Traits and Biomarkers for Addiction Risk in Schizophrenia
The most common addictions in schizophrenia include tobacco, cannabis, alcohol, stimulants/recreational drugs, and gambling. This review discusses the multifactorial risk factors for addictions in people with schizophrenia.
Several hypotheses have been proposed to explain addiction comorbidity in schizophrenia, and potential biomarkers conferring addiction risk in patients have been identified (e.g., catechol-O-methyltransferase (COMT), brain-derived neurotrophic factor (BDNF), v-akt murine thymoma viral oncogene homolog 1 (AKT1), cortical inhibition, working memory). Neurotransmitter systems including dopaminergic, glutamatergic, and GABAergic pathways are associated with the pathophysiology of both schizophrenia and addictions.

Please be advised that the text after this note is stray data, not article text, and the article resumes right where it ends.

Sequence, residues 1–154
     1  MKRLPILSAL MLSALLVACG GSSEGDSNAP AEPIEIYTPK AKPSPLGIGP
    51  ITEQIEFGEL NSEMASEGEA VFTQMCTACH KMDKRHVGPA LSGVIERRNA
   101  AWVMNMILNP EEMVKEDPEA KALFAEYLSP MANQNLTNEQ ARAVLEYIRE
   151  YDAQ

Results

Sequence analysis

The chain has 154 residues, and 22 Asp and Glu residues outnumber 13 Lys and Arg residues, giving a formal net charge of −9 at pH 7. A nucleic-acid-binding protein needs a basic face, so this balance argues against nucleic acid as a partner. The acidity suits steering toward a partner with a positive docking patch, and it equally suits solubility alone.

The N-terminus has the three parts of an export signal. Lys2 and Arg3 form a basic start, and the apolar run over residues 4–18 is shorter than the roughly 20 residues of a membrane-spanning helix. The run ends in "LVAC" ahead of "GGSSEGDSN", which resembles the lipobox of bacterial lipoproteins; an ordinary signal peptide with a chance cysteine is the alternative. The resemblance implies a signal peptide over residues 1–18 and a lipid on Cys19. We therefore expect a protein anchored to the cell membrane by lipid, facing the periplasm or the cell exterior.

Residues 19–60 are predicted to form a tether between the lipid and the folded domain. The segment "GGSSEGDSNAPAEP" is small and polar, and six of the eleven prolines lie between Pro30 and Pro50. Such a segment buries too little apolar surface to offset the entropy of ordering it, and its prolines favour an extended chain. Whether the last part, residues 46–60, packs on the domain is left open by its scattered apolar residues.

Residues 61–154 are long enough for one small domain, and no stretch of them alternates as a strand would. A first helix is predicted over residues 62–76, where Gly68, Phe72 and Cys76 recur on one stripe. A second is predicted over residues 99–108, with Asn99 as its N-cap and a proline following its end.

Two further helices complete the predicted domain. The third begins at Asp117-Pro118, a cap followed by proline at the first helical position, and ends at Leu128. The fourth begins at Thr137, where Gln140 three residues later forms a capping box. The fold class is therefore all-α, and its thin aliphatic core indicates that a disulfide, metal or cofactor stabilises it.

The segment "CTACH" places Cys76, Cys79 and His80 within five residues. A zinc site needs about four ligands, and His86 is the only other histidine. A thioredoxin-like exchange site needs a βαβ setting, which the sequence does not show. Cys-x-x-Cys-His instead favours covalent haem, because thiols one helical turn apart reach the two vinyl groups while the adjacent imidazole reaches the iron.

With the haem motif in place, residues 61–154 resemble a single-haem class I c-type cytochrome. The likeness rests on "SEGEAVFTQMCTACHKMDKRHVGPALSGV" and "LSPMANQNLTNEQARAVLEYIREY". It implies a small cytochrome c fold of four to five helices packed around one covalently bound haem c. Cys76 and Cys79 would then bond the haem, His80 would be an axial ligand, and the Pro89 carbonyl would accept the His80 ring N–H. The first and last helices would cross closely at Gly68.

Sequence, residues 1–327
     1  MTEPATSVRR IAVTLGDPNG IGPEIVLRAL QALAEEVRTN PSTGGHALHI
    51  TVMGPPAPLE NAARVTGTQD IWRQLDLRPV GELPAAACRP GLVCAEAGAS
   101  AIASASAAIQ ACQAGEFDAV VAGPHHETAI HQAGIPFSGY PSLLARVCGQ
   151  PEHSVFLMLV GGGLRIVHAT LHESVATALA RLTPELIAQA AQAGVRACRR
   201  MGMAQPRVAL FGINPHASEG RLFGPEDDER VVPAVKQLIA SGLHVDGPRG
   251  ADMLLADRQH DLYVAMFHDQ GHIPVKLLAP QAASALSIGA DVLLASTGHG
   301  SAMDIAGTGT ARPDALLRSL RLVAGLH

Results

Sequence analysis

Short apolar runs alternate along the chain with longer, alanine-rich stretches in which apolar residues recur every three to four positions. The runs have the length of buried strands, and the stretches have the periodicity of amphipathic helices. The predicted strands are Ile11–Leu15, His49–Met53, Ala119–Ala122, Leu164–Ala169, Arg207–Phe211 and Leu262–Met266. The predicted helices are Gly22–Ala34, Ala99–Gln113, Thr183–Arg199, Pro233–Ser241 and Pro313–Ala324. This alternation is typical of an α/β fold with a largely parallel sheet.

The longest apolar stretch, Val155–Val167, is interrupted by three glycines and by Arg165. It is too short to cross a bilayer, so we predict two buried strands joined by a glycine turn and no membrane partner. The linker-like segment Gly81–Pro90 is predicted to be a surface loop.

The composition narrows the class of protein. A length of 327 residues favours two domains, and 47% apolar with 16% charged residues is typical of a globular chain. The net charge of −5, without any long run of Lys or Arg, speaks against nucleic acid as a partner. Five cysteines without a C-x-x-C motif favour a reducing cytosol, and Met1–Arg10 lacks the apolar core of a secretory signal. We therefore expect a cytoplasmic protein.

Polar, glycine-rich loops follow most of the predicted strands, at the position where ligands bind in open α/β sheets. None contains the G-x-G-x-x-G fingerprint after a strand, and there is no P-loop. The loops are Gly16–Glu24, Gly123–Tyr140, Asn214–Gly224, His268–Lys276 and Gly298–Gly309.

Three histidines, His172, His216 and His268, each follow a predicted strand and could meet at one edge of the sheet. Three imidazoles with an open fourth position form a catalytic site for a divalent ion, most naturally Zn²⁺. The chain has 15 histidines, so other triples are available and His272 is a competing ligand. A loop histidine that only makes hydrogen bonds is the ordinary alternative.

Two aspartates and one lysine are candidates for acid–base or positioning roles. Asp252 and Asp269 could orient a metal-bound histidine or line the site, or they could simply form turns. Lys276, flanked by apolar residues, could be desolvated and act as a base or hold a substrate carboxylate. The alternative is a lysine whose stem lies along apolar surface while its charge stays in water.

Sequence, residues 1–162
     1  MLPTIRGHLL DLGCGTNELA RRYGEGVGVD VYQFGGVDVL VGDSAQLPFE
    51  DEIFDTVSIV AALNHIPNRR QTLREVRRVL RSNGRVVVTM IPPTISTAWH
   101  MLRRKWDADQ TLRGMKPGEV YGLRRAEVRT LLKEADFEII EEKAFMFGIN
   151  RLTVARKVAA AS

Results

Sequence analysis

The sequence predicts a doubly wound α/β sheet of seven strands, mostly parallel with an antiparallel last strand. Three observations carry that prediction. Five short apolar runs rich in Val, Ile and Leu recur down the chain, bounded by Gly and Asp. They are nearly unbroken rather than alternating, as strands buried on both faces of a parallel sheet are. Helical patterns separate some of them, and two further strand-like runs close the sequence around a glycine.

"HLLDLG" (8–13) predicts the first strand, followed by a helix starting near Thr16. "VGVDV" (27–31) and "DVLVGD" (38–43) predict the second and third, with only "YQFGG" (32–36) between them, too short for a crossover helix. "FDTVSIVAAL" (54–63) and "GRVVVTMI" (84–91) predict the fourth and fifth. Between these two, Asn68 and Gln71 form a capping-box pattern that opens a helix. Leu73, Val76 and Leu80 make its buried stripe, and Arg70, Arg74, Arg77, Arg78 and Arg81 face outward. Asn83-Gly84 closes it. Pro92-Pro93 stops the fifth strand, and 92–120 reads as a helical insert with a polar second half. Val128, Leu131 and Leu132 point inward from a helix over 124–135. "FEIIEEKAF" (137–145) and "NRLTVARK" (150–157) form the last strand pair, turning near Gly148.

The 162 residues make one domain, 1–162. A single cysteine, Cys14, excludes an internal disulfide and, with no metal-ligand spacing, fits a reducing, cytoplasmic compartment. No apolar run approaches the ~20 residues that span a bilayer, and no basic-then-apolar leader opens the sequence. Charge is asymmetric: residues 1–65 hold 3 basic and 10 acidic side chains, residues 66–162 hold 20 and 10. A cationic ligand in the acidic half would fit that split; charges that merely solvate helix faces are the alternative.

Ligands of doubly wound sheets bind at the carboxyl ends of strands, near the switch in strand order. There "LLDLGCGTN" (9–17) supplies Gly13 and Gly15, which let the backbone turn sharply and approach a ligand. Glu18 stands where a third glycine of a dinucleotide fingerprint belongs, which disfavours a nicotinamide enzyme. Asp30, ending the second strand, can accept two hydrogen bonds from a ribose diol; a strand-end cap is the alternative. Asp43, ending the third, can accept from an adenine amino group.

Developing effective treatments for schizophrenia and comorbid addictions is warranted and should involve further studies of neurobiological underpinnings of addiction risk in schizophrenia.
KeywordsSchizophrenia Addiction risk Substance use disorders Tobacco/nicotine Cannabis Alcohol Stimulants Problem gambling
This manuscript was support by an Institute of Medical Sciences Graduate Fellowship from the University of Toronto (to Ms. Kozak) and CIHR Operating Grant MOP#115145 (to Dr. George).
Compliance with Ethical Standards
Conflict of Interest
Karolina Kozak, Dr. Mera S. Barr, and Dr. Tony P. George declare that they have no conflicts of interest.
Human and Animal Rights and Informed Consent
This article does not contain any studies with human or animal subjects performed by any of the authors.
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